The Food and Drug Administration (FDA) does not approve any medicines whatsoever for the treatment of tardive dyskinesia, but there are a few which have demonstrated at least some capability to diminish the severity of bodily movements. These include amantadine, clonazepam, and tetrabenazine. In addition to these somewhat effective prescription drugs, some people put their faith in home remedies such as ginkgo biloba, melatonin, vitamin B6, and vitamin E, although the medical benefits of these supplements have not been proven.
As previously mentioned, there are no known methods of prevention for tardive dyskinesia once it has been contracted, so the only course of action which really has an impact on prevention is avoiding the causes of dyskinesia.
In terms of the population and the people at greatest risk of contracting the disorder, it is of course not possible to defer older age or of being female in gender. The one avenue of potential effectiveness in avoiding dyskinesia is in the area of the antipsychotic and anti-seizure medications which are known to be the primary triggers for the disorder.
In discussing the treatment options for dyskinesia, it was previously stated that there are a group of typical treatment medications (chlorpromazine, fluphenazine, haloperidol, perphenazine, etc.) and a group of atypical treatment medications (botulinum toxin valbenazine and tetrabenazine), which have been used with success in dealing with psychotic behavior and seizures.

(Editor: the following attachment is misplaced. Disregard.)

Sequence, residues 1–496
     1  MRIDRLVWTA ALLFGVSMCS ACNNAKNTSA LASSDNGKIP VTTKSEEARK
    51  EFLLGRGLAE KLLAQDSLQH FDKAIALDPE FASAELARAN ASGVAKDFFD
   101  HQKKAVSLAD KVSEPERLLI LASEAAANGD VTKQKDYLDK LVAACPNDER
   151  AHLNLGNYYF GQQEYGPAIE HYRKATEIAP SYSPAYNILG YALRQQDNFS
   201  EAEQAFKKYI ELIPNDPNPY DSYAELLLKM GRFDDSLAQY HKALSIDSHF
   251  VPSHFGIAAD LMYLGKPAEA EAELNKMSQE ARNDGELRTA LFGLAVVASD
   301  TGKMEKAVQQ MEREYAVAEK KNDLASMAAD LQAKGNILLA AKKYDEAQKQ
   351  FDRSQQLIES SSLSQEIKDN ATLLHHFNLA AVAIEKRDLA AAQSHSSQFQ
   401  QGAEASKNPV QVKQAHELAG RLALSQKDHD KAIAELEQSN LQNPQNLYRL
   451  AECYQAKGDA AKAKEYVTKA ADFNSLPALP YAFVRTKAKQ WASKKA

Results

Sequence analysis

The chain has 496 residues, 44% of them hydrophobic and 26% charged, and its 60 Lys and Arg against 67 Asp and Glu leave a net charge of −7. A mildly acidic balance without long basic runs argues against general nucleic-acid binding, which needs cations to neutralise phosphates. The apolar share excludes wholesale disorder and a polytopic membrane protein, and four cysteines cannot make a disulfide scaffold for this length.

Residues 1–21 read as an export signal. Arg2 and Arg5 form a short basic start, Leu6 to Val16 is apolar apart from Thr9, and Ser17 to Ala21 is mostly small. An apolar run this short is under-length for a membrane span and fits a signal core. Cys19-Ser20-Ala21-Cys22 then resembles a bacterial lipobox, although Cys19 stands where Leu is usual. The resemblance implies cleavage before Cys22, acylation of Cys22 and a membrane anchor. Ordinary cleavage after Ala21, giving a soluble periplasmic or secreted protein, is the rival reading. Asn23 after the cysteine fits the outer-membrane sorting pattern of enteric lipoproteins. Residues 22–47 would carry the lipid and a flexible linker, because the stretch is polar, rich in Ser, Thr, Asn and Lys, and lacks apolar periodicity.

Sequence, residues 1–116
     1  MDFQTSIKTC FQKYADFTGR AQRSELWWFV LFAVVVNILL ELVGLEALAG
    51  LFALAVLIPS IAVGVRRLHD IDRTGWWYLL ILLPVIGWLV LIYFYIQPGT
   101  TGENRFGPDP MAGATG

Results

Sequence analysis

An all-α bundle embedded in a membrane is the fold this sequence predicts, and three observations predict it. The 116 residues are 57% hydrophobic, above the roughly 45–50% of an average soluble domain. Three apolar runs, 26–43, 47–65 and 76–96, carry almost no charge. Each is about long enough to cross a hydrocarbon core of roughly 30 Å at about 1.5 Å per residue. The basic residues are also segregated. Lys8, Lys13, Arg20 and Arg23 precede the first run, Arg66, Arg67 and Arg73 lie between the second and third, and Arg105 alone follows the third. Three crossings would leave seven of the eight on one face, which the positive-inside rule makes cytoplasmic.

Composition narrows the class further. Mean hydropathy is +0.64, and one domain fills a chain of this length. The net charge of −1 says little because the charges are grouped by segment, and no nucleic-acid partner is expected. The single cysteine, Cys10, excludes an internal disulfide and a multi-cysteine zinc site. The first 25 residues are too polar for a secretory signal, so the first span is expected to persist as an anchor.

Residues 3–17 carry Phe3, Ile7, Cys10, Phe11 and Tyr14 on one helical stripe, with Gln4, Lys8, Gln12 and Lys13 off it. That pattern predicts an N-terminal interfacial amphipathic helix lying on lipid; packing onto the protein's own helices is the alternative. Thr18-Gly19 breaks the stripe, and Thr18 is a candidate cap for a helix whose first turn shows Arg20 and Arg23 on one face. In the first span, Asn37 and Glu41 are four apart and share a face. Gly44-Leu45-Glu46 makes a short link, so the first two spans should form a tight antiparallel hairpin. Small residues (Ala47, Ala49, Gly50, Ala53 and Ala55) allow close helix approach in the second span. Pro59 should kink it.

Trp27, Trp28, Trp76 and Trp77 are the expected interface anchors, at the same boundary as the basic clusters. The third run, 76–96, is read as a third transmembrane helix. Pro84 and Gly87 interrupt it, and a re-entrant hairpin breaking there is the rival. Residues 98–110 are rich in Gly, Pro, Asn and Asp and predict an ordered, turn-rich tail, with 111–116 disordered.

It has been demonstrated rather clearly that the atypical group of medications does not have the same tendency or severity of symptoms in those cases where dyskinesia does result as a side effect of treatment. It has also been shown that those patients being treated with medications from the typical grouping of drugs show improvement in the severity of their symptoms after switching to an atypical drug. Medications from this atypical grouping have been tried with varying levels of success, including a complete resolution in a few cases, to the other end of the spectrum, where no effect at all was observed.
This does not constitute prevention of course, but in the absence of any truly effective preventive measures, it is at least a course of action potentially effective for those afflicted. In most cases, patients who are experiencing psychotic behavior or regular seizures cannot be taken off their medications altogether without the risk of the original psychotic behavior returning in full force. Therefore, avoidance of the antipsychotics is not generally an option, and that leaves switching to an atypical medication as the only feasible solution which does not degrade the patient’s general health.
In the area of attempting to lessen the severity of symptoms experienced with dyskinesia, it has been shown to be somewhat effective to experiment with the dosage of antipsychotic medication given to a particular patient. If a balance can be reached where the psychotic behavior is still being effectively managed, and the symptoms of dyskinesia are also reduced, it may be possible to lower the dosage of the antipsychotic medication in order to prevent the worst dyskinesia symptoms.